I know that the current trend is toward low-sodium diets, but I tend to have pretty low sodium to start with, and as it warms up and I spend even more time in the sun I really have to work hard to maintain my salt intake. Folks who spend a lot of time sweating need a lot more sodium (and a lot more fluid!) than sedentary individuals, and there are lots of ways to get it. If you eat a great deal of processed food, you'll have no trouble reaching your quota, but everyone knows a fast-food diet isn't that healthy. The old standbys are sports drinks; but honestly, those can get a little old after awhile and some of them have waaaaaaaaay to much sugar. So the other day I made these amazing Salted Chocolate Chip cookies--perfect for a snack on the road or a recovery food with plenty of salt, fat and carbs. Thanks to Gabi at Broke Ass Gourmet for the recipe.
1 tbsp pure vanilla extract
1 large egg
1 3/4 cups all-purpose flour
1/2 tsp salt
3/4 tsp baking soda
1 cup semi-sweet chocolate chips (1 6-oz. package)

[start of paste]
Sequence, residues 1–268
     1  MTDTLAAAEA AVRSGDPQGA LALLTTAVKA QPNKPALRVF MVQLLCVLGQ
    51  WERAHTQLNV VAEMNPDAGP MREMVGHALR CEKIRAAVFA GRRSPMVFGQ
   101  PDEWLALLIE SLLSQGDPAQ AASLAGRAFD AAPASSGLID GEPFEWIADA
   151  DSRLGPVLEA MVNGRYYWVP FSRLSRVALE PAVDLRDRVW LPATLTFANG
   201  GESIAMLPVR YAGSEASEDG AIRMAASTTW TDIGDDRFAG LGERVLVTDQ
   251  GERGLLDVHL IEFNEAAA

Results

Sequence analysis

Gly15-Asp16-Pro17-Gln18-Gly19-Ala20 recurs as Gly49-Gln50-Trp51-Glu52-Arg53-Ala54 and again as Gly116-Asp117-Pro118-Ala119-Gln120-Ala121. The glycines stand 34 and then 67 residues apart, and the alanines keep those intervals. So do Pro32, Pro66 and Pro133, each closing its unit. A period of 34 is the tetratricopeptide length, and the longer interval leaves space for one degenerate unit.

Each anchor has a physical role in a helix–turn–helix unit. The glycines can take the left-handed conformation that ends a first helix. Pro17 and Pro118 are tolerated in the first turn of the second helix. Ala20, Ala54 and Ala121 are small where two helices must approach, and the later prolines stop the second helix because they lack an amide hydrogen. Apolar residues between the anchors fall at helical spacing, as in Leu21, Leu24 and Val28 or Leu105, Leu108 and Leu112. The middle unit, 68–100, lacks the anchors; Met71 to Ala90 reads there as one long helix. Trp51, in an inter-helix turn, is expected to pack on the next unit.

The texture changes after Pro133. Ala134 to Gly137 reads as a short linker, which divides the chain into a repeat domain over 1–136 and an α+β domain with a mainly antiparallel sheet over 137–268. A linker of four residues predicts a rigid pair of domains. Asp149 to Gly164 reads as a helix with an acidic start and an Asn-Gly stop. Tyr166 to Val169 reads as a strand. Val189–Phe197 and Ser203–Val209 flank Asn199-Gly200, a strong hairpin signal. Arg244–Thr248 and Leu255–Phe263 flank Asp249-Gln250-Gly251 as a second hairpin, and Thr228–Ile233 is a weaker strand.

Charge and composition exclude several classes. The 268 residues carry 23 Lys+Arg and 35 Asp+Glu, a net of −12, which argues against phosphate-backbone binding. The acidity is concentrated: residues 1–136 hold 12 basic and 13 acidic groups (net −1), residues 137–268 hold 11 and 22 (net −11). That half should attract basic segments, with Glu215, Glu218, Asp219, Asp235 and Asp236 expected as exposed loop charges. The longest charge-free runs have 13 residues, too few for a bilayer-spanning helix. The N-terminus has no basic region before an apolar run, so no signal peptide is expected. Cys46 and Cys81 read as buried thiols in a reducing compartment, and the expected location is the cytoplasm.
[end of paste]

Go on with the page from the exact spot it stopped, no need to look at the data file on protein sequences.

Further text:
3 tsp coarse sea salt or Kosher salt
1 stick unsalted butter, at room temperature
1 1/4 cup firmly packed brown sugar
Preheat oven to 350 degrees F. Lightly grease a baking sheet and set aside.
Beat together (using a whisk, electric mixer or stand-up mixer) the butter, brown sugar, vanilla and egg until fluffy.
Mix together the flour, salt and baking soda in a separate bowl.
Stir the flour mixture into the butter mixture, taking care not to over-mix. Gently fold in the chocolate chips.
Working in batches, drop the dough by rounded tablespoons onto the prepared baking sheet, making sure there are at least 2 inches between each dough ball.
Bake for approx 8 minutes, until the cookies have begun to brown on the bottom but are still soft on top. Put a small pinch of the coarse salt on top of each cookie and press down gently, to embed it slightly. Bake for another 4-6 minutes, or until cookies are golden-brown.
Let cool for at least 5 minutes before serving.
Makes about 30 cookies.
Enjoy, in healthy moderation. Ha-Ha!
For more tips on sports and nutrition, check out Registered Dietician Nancy Clark's great book, The Cyclist's Food Guide: Fueling for the Distance.